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Creating Layouts That Tell a Story

Creating layouts and templates that look great and effectively tell a story is a lot like being the director of a movie:

You might have some beautiful scenes on film, you might have some noteworthy performances, and you might have a great script, but if you can’t tie all those things together and present them in a way that is both attractive and understandable, people aren’t going to enjoy your movie!

Doing Yearbook layout well is very much the same thing; it’s choosing and laying out the various elements of the page (e.g., headlines, pictures, text, fonts, graphic elements, etc.) in a way that guides the reader through the “story” of the activity you’re showing, whether it’s Homecoming or Halloween or the Women’s Basketball season. At United Yearbook, we encourage you to remember three key elements when doing layout:

Functionality: The overall effect of the layout is compelling and attractive to the reader;

Clarity: The story behind an activity is effectively communicated through the layout, and reflects the Yearbook theme;

Consistency: There is harmony not only within this layout but also between all the

layouts used in the book, so the entire product has a visual continuity.

A layout that is well done should become a template; that is, a layout that can be used more than once and can become a pattern for other pages throughout your Yearbook. In order to achieve consistency and visual continuity throughout the book, we strongly encourage you to use templates. However, if you use the same template for every page, your book will become redundant and won’t be compelling or attractive. So, developing a handful of templates is recommended. In this way, the words layout and template are often used in tandem.’s choosing and laying out the various elements of the page (e.g., headlines, pictures, text, fonts, graphic elements, etc.) in a way that guides the reader through the “story” of the activity you’re showing...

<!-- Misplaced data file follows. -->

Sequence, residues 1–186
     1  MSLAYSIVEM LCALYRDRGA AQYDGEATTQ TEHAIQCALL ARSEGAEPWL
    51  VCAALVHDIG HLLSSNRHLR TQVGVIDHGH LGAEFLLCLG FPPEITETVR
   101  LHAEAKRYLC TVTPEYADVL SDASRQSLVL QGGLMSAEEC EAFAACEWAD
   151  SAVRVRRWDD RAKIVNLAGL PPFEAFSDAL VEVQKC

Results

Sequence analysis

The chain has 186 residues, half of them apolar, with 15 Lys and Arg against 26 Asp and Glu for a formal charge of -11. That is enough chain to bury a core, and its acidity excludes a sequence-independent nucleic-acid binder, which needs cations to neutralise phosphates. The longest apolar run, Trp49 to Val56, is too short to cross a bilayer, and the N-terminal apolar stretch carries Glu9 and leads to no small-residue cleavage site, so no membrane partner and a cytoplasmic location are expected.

The Spread

One of the primary things to keep in mind is that, since Yearbooks are primarily visual, your layouts should be done as spreads; that is, two pages seen together:

This means that the left page and the right page have to work really well together. In the example above, a single photo serves as the background for the entire spread. But that’s not the only way to create an effective spread.

Below is a template (the black boxes are picture placeholders) which mixes larger and smaller photos.

The left page and the right page are mirrors of one another, so the connection between them is pretty obvious. That’s not a bad template...but maybe a little boring. There are ways to mix it up! Here’s a different look, using the same number and sizes of pictures:

And a few more options, with the same sized pictures!

They’re all different, but they feel like they go together. The similarities and the differences give these templates visual interest, but still maintain a sense of consistency and continuity. This is your goal when doing layouts.

Here’s a different template:

This one starts with a balanced asymmetrical design on the left page, and it’s then mirrored and then flipped on the right page. The pages appear to be different, but they look like they belong together. The variations within an asymmetrical design can bring energy and excitement to a spread without making it too confusing to understand.

Don’t Lose Your Story!